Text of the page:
(A) Each authorized employee shall receive training in the recognition of applicable hazardous energy sources, the type and magnitude of the energy available in the workplace, and the methods and means necessary for energy isolation and control.
(B) Each affected employee shall be instructed in the purpose and use of the energy control procedure.
(C) All other employees whose work operations are or may be in an area where energy control procedures may be utilized, shall be instructed about the procedure, and about the prohibition relating to attempts to restart or reenergize machines or equipment which are locked out or tagged out.
(ii) When tagout systems are used, employees shall also be trained in the following limitations of tags:
(A) Tags are essentially warning devices affixed to energy isolating devices, and do not provide the physical restraint on those devices that is provided by a lock.
(B) When a tag is attached to an energy isolating means, it is not to be removed without authorization of the authorized person responsible for it, and it is never to be bypassed, ignored, or otherwise defeated.
(C) Tags must be legible and understandable by all authorized employees, affected employees, and all other employees whose work operations are or may be in the area, in order to be effective.
(D) Tags and their means of attachment must be made of materials which will withstand the environmental conditions encountered in the workplace.
(E) Tags may evoke a false sense of security, and their meaning needs to be understood as part of the overall energy control program.
(F) Tags must be securely attached to energy isolating devices so that they cannot be inadvertently or accidentally detached during use.
(iii) Employee retraining.
(A) Retraining shall be provided for all authorized and affected employees whenever there is a change in their job assignments, a change in machines, equipment or processes that present a new hazard, or when there is a change in the energy control procedures.
(B) Additional retraining shall also be conducted whenever a periodic inspection under paragraph (c)(6) of this section reveals, or whenever the employer has reason to believe, that there are deviations from or inadequacies in the employee’s knowledge or use of the energy control procedures.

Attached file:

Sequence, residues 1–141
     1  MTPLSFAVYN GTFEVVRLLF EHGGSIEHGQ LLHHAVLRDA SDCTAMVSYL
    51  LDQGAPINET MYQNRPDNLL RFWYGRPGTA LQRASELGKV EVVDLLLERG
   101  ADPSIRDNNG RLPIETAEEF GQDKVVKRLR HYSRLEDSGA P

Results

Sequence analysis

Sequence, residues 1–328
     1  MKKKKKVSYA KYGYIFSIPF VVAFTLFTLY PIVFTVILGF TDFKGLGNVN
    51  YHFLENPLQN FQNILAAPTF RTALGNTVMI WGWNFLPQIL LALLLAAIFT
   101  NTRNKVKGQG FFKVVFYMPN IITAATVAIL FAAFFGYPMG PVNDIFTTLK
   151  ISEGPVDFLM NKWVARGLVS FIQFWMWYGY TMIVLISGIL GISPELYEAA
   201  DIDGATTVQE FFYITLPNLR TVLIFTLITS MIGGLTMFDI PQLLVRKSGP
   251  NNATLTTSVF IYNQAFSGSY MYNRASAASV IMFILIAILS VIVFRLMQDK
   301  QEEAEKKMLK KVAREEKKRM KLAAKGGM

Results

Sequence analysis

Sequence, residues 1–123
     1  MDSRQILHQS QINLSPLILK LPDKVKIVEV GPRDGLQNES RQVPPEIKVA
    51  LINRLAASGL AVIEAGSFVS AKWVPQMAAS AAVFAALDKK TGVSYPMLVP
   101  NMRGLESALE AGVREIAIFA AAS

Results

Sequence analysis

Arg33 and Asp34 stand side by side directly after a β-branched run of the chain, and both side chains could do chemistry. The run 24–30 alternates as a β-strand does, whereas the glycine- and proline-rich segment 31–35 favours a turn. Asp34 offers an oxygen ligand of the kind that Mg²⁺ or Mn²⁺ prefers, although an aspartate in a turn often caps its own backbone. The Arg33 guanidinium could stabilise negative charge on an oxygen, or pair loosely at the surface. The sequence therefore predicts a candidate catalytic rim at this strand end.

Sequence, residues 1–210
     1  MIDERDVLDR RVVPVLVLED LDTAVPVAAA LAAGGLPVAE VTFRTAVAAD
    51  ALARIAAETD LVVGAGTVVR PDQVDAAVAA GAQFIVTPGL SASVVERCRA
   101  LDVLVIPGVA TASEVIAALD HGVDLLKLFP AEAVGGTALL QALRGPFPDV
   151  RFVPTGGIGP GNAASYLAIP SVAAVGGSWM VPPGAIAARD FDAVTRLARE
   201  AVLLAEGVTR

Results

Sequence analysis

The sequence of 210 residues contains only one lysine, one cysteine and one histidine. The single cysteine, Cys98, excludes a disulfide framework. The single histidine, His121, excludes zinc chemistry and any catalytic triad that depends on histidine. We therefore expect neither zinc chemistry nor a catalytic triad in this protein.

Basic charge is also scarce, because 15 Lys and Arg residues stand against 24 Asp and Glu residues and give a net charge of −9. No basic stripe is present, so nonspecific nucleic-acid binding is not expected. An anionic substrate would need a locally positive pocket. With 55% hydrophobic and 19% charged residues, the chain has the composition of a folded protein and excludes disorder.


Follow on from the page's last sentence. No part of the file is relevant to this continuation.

(C) The retraining shall reestablish employee proficiency and introduce new or revised control methods and procedures, as necessary.
(iv) The employer shall certify that employee training has been accomplished and is being kept up to date. The certification shall contain each employee’s name and dates of training.
(8) Energy isolation. Lockout or tagout shall be performed only bythe authorized employees who are performing the servicing or maintenance.
(9) Notification of employees. Affected employees shall be notified by the employer or authorized employee of the application and removal of lockout devices or tagout devices. Notification shall be given before the controls are applied, and after they are removed from the machine or equipment.
(d) Application of control. The established procedures for the application of energy control (the lockout or tagout procedures) shall cover the following elements and actions and shall be done in the following sequence:
(1) Preparation for shutdown. Before an authorized or affected employee turns off a machine or equipment, the authorized employee shall have knowledge of the type and magnitude of the energy, the hazards of the energy to be controlled, and the method or means to control the energy.
(2) Machine or equipment shutdown. The machine or equipment shall be turned off or shut down using the procedures established for the machine or equipment. An orderly shutdown must be utilized to avoid any additional or increased hazard(s) to employees as a result of the equipment stoppage.